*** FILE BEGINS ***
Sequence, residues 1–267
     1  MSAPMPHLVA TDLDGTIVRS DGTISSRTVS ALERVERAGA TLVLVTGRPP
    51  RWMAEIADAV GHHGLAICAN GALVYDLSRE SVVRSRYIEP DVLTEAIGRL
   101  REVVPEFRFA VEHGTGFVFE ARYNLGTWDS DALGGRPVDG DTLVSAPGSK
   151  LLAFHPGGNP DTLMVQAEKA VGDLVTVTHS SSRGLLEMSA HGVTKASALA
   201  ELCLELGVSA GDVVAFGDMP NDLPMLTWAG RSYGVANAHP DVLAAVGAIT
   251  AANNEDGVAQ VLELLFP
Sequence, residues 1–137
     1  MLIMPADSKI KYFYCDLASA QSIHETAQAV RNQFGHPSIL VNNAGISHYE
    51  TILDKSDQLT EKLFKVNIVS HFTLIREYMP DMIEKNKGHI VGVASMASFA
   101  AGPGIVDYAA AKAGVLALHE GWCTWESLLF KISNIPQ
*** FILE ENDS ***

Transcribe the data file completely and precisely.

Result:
Sequence, residues 1–267
     1  MSAPMPHLVA TDLDGTIVRS DGTISSRTVS ALERVERAGA TLVLVTGRPP
    51  RWMAEIADAV GHHGLAICAN GALVYDLSRE SVVRSRYIEP DVLTEAIGRL
   101  REVVPEFRFA VEHGTGFVFE ARYNLGTWDS DALGGRPVDG DTLVSAPGSK
   151  LLAFHPGGNP DTLMVQAEKA VGDLVTVTHS SSRGLLEMSA HGVTKASALA
   201  ELCLELGVSA GDVVAFGDMP NDLPMLTWAG RSYGVANAHP DVLAAVGAIT
   251  AANNEDGVAQ VLELLFP
Sequence, residues 1–137
     1  MLIMPADSKI KYFYCDLASA QSIHETAQAV RNQFGHPSIL VNNAGISHYE
    51  TILDKSDQLT EKLFKVNIVS HFTLIREYMP DMIEKNKGHI VGVASMASFA
   101  AGPGIVDYAA AKAGVLALHE GWCTWESLLF KISNIPQ